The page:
Audio quality varied but remained acceptable for a film of this vintage. Speech occasionally seemed somewhat tinny and harsh. Dialogue displayed light edginess at times; the most notable examples occurred during the Hitler auditions. The lines always stayed intelligible, but they lacked the expected clarity. Effects played a minor part in the movie, but they came across as reasonably clean and accurate throughout the film. Music lacked great range, but the score and songs appeared decent for an older piece, and these elements seemed fairly good with that caveat in mind. Ultimately, The Producers offered a lackluster soundtrack.

On the flipside of this DVD, we get a mix of supplements. First we discover The Making of The Producers, a 63-minute and 49-second documentary about the film. This program mixes movie snippets, archival photos and materials, and new interviews. In the latter category, we hear from director/writer Mel Brooks, actors Gene Wilder, Lee Meredith, Kenneth Mars and Andreas Voutsinas, first assistant director Michael Hertzberg, composer John Morris, choreographer Alan Johnson, production designer Charles Rosen, casting director Alfa-Betty Olsen, and filmmaker Paul Mazursky.

A fairly terrific little show, “Making” provides a reasonably complete look at the production. It conveys how Brooks started the project and takes us along its path from attempted book to attempted play to actual screenplay and then moves through casting to subsequently deliver many anecdotes from the shoot. We also learn about the set design, the creation of the “Springtime for Hitler” production number, the film’s initial reception and eventual success, and many other topics. The participants all seem lively and entertaining, and they deliver a great deal of useful and intriguing information. Meredith – who looks simply amazing at age 55 – even “goes to work” at one point! “The Making of The Producers” provides a memorable documentary.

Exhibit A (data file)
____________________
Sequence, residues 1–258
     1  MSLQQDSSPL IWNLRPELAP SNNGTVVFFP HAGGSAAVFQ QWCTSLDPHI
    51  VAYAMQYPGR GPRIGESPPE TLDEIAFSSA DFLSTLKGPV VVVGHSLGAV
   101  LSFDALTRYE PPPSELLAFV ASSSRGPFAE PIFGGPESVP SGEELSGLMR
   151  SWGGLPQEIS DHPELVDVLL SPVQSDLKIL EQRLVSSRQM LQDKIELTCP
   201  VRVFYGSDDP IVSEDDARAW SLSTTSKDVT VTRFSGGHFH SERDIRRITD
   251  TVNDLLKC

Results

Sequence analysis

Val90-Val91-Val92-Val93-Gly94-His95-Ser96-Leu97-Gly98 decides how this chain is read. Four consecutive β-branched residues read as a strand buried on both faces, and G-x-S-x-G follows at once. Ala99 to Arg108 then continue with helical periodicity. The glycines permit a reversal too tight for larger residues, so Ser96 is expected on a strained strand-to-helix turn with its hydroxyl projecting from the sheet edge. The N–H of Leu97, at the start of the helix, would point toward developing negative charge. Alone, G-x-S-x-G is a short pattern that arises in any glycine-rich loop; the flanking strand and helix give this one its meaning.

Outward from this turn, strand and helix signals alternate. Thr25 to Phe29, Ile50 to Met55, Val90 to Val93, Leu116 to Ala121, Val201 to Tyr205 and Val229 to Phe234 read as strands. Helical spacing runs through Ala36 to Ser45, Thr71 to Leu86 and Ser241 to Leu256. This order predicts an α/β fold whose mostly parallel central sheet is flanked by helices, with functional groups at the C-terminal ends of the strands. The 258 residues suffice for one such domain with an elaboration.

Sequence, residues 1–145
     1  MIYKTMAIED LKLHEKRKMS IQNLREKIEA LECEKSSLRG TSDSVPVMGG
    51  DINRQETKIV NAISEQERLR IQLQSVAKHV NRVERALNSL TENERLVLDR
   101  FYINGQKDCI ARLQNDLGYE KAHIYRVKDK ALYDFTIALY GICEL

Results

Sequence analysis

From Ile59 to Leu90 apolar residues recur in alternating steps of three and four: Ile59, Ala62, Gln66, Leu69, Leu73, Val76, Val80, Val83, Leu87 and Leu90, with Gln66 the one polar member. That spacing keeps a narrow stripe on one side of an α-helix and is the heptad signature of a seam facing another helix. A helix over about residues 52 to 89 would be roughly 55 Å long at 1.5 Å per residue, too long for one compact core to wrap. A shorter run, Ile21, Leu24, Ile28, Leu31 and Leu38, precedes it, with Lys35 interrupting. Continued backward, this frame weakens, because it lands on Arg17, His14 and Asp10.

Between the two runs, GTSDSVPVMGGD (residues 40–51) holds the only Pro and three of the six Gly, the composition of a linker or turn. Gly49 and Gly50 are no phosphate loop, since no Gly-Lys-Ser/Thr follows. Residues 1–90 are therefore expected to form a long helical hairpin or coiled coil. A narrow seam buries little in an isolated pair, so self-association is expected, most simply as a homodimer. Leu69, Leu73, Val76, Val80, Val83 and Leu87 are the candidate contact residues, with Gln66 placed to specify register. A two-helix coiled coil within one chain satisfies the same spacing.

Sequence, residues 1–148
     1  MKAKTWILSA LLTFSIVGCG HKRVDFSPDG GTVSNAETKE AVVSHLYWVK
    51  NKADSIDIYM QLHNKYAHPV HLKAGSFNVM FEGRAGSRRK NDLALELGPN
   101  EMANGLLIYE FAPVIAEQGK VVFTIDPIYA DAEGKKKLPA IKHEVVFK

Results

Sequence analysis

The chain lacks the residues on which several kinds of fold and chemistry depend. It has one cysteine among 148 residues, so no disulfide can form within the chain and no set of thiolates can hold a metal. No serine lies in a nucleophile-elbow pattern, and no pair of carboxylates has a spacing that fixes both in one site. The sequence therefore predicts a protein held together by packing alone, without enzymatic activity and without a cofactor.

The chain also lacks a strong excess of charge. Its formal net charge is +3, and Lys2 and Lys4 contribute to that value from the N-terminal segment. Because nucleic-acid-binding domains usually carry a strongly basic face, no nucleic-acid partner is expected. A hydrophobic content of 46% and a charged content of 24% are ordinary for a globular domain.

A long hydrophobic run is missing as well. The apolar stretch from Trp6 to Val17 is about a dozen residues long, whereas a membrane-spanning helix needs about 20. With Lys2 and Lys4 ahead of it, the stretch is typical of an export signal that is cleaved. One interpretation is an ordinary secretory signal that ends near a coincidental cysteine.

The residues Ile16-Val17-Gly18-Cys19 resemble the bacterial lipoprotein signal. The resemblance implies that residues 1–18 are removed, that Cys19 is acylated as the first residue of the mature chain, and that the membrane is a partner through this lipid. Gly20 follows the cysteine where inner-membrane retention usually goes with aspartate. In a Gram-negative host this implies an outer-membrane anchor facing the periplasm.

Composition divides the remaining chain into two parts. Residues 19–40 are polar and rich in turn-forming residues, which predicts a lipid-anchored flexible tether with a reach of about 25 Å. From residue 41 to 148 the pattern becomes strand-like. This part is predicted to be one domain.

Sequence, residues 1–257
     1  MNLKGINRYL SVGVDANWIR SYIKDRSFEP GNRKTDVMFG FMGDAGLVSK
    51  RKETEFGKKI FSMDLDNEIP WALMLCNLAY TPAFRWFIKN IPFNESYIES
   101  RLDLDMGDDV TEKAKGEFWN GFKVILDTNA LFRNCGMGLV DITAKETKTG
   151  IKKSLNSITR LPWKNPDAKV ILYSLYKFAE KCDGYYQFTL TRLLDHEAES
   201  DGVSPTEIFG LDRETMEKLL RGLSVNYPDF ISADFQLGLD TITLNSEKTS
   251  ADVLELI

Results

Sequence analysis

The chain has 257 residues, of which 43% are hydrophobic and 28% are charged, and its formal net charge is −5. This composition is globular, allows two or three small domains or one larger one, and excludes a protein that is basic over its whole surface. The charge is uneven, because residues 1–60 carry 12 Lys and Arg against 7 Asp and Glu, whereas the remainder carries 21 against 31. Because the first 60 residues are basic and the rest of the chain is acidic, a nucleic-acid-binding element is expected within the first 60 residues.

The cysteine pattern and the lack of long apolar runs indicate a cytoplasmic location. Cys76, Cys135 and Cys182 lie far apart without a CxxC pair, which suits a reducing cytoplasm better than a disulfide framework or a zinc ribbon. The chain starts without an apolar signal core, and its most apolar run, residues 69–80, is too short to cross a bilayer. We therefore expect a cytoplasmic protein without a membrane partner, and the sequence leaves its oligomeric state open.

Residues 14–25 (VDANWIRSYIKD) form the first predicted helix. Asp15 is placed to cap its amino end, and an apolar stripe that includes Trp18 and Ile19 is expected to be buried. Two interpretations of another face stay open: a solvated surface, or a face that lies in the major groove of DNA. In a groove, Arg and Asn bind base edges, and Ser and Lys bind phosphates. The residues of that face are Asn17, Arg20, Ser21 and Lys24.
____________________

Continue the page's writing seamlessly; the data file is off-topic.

The sole deleted scene included on the DVD, the Playhouse Outtake shows a little more from the movie’s ending segment. It lasts three minutes, 38 seconds and presents a moderately amusing alteration of the existing climax.

Within the Sketch Gallery, we get a filmed montage of set designs created for the movie. It lasts 134 seconds and presents an interesting look at the film’s production work. The Photo Gallery utilizes the more traditional stillframe format. It includes 40 shots, most of which depict scenes from the flick.

The Peter Sellers Statement Read By Paul Mazursky offers exactly what it says. We get a 53-second clip in which Mazursky relates Sellers’ laudatory comments about The Producers. Alluded to during the documentary, this seems like an interesting footnote to the Producers history.

The Producers ends with some ads. We get that flick’s trailer - presented fullframe with monaural audio - as well as promos for MGM’s special edition DVDs of The Greatest Story Ever Told, Fiddler on the Roof, The Princess Bride and Some Like It Hot. Finally, a soundtrack spot touts the Broadway album.

Mel Brooks’ first – and probably best – film, The Producers provides a consistently winning experience. The movie offers a delightfully politically incorrect piece that usually delivers a lot of laughs. The DVD features generally positive picture quality along with fairly average audio and a nice little collection of extras highlighted by an excellent documentary. The Producers comes with my recommendation.

Viewer Film Ratings: 4.282 Stars Number of Votes: 39